With signs mounting the economy is gaining traction, Federal Reserve policymakers are increasingly focused on when and how they will reverse course and start boosting rates once the recovery is firmly entrenched.
Higher rates for millions of American borrowers are still months away at best, most economists predict.
Yet, Fed Chairman Ben Bernanke and his colleagues, who open a two-day meeting Tuesday afternoon, are likely to discuss how best to use the various tools at their disposal to tighten credit and mop up the unprecedented amount of money that was pumped out to fight the economic and financial crises.
The Fed meets as the economy flashes growing signs of improvement.
Employers are creating jobs. Americans' confidence is rising and they are spending more. Manufacturers are boosting production. And, an increasing number of companies — such as Ford and Caterpillar — are seeing their profits grow. By those measures, the economy is in better shape now than when the Fed last met in mid-March.
Still, there are continuing strains: high unemployment at 9.7 percent, loans are hard for people and businesses to obtain, and the housing and commercial real-estate markets are fragile.
"The Fed is going to sound more upbeat about the economy. Its message: the recovery is intact, but it is not so strong yet that it feels the need to signal tighter policy," said Mike Feroli, economist at JP Morgan Chase Bank.
Still, the Fed won't be able to wait for all the economy's current problems to disappear before it switches course. The timing and execution of a Fed policy shift is a high-stakes game.
The Fed needs to hold rates at record lows long enough to make sure the recovery is lasting, especially once the bracing effects of the government's massive fiscal stimulus fades later this year.
On the other hand, the Fed must be nimble to start tightening credit to prevent inflation from becoming a problem or sowing the seeds of new speculative excesses such as in the prices of stocks, bonds or commodities.
One tricky question is when the Fed should start selling some of its vast portfolio of mortgage securities. The Fed bought $1.25 trillion of these securities to drive down mortgage rates and aid the housing market. Its challenge is to sell those assets in a way that doesn't weaken home prices and push up mortgage rates.
"My expectation is that sales would be slow, gradual, announced in advance, and would not create undue market impacts," Fed Chairman Ben Bernanke told Congress recently.
The Fed's balance sheet has exploded, reflecting the central bank's action to fight the financial crisis. It stood at $2.3 trillion for the recent week, more than double the level before the crisis struck.
"I think we would like to bring the balance sheet back to something consistent with where it was before the crisis," Bernanke told lawmakers. "And that would suggest something under a trillion dollars, I think, would be appropriate."
Besides selling securities outright, the Fed has a number of other tools to shrink its balance sheet when it moves to tighten credit. Those include selling securities from its portfolio with an agreement to buy them back later. Those operations are called reverse repurchase agreements. The Fed also is moving forward on a plan to let banks to set up the equivalent of certificates of deposit at the central bank. That would give banks an incentive to park money at the Fed, rather than lending it out.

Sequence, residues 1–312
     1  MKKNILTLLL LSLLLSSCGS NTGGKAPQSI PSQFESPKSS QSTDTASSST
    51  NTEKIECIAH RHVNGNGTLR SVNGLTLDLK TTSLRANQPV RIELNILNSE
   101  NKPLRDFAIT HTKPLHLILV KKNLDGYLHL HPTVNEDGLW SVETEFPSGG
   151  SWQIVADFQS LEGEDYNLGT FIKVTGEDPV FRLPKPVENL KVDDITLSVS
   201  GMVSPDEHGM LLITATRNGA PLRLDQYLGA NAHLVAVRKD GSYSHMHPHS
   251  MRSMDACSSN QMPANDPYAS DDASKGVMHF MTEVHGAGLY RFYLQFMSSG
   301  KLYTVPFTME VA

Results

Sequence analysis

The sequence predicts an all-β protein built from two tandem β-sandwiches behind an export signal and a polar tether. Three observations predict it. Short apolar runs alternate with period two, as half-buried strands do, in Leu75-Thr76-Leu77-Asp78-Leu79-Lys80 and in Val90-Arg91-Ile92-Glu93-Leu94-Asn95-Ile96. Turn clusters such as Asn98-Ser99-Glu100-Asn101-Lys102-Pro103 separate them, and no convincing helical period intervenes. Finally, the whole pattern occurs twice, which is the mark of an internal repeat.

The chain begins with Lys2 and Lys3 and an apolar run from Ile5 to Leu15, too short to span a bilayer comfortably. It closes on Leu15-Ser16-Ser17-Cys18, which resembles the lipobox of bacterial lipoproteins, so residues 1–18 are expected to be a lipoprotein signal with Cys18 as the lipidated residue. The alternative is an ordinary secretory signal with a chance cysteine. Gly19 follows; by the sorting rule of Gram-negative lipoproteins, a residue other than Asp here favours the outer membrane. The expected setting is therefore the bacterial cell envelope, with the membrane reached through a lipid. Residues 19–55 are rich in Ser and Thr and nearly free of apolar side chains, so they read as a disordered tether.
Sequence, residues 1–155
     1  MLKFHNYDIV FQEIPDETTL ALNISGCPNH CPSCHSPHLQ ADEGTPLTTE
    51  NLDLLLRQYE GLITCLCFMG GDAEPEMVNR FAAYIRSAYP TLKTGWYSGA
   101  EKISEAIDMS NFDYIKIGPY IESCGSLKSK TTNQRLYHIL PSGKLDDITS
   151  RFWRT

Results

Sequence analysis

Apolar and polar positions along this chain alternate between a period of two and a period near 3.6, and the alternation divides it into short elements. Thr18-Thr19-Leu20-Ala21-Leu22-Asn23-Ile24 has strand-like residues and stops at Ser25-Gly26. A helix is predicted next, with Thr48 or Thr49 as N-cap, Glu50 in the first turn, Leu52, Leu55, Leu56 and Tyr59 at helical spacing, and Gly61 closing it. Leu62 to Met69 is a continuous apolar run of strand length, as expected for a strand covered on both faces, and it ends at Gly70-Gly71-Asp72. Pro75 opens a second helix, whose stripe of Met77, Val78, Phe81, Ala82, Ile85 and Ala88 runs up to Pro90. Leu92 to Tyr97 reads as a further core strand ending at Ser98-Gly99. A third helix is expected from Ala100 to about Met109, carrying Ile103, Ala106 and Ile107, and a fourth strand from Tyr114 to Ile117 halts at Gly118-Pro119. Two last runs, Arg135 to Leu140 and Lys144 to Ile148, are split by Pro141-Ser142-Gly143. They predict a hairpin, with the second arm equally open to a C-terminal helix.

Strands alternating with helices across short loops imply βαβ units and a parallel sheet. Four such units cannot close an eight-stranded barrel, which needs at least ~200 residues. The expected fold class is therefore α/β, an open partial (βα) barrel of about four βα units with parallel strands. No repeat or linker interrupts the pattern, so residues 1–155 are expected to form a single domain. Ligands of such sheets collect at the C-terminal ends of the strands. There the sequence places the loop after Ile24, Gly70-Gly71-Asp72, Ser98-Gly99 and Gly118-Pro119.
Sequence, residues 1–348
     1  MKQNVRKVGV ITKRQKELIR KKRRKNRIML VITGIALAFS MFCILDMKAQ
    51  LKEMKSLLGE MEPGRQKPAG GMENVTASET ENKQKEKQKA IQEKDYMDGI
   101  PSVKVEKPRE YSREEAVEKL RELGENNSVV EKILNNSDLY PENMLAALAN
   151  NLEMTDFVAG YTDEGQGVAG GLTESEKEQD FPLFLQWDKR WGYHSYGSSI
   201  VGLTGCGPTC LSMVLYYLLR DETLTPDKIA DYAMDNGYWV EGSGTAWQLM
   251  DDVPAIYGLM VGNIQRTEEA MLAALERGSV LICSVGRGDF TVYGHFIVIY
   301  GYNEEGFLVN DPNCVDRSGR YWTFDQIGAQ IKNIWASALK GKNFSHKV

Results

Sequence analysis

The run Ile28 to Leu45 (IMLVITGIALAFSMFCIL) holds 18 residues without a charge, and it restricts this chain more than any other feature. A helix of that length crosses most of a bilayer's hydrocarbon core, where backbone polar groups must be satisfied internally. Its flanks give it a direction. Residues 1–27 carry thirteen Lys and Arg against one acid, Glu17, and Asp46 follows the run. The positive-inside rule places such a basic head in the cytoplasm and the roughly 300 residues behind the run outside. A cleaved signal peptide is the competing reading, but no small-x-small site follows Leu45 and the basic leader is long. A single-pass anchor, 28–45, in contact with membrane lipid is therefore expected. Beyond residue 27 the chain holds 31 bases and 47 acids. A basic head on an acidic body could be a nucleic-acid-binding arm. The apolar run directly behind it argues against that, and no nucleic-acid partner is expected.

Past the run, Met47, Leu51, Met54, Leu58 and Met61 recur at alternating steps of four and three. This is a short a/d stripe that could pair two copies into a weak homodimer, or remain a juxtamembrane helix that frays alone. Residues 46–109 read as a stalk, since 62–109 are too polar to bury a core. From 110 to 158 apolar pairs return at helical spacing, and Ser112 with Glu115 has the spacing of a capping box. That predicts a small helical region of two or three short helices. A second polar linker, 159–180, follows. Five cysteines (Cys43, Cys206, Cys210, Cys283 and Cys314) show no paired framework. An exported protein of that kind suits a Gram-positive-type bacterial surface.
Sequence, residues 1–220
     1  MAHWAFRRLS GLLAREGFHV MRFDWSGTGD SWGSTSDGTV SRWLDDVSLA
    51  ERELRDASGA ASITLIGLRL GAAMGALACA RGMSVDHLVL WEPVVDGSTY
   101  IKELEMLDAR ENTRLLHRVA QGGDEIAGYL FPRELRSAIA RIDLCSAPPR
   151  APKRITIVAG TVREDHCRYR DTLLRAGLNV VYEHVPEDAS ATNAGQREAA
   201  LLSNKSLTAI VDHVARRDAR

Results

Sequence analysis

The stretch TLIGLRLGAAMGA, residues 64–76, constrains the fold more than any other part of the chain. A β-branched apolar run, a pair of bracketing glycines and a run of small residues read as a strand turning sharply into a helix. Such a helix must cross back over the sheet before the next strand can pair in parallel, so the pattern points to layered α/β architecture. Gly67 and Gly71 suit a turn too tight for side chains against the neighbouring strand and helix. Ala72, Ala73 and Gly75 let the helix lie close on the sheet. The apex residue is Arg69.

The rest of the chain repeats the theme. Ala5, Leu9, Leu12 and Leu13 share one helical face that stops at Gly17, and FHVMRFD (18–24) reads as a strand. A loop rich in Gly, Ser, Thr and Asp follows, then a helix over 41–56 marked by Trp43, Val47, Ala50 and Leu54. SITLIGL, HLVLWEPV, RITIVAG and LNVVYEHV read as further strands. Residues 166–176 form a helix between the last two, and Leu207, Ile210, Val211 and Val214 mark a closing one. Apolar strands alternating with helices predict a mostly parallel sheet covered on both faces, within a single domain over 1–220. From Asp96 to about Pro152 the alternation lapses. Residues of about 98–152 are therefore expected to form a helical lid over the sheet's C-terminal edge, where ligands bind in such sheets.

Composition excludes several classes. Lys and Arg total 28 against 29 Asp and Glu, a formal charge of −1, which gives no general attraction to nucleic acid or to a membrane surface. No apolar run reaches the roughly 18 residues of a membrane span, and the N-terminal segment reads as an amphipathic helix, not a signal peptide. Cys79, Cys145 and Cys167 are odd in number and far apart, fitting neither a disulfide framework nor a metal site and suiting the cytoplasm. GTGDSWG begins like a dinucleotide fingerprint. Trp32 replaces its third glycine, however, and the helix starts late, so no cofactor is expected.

For now, Bernanke and other Fed officials have repeatedly signaled that they will need to hold rates at record lows for some time to come to foster the fledging recovery.
When the Fed wraps up its meeting on Wednesday, policymakers are all but certain to leave their key bank lending rate between zero and 0.25 percent, where it's remained since December 2008.
Assuming the Fed leaves rates alone, commercial banks' prime lending rate, used to peg rates on certain credit cards and consumer loans, will stay about 3.25 percent. That's its lowest point in decades.
Rock-bottom rates serve borrowers who qualify for loans and are willing to take on more debt. But they hurt savers. Low rates are especially hard on people living on fixed incomes who are earning scant returns on their savings.
Still, if super-low rates spur Americans to spend more, they will help invigorate the economy. That's why the Fed also is expected to repeat its pledge — in place for more than a year — to keep rates at record lows for an "extended period."
Some concern has emerged inside the Fed that that pledge could limit its ability to quickly raise rates when necessary. Thomas Hoenig, president of the Federal Reserve Bank of Kansas City, for two straight meetings has opposed the Fed's decision to retain the "extended period" pledge.
Hoenig said he fears keeping rates too low for too long could lead to excessive risk-taking by investors, feeding new speculative bubbles. He's also expressed concern that low rates could eventually unleash inflation.
Yet Bernanke and other Fed officials in recent weeks have made clear that the Fed's pledge to keep rates at record lows for an "extended period" is linked to the economy's performance — not to a specific period. The Fed will raise rates whenever it decides it's necessary, Bernanke has said.
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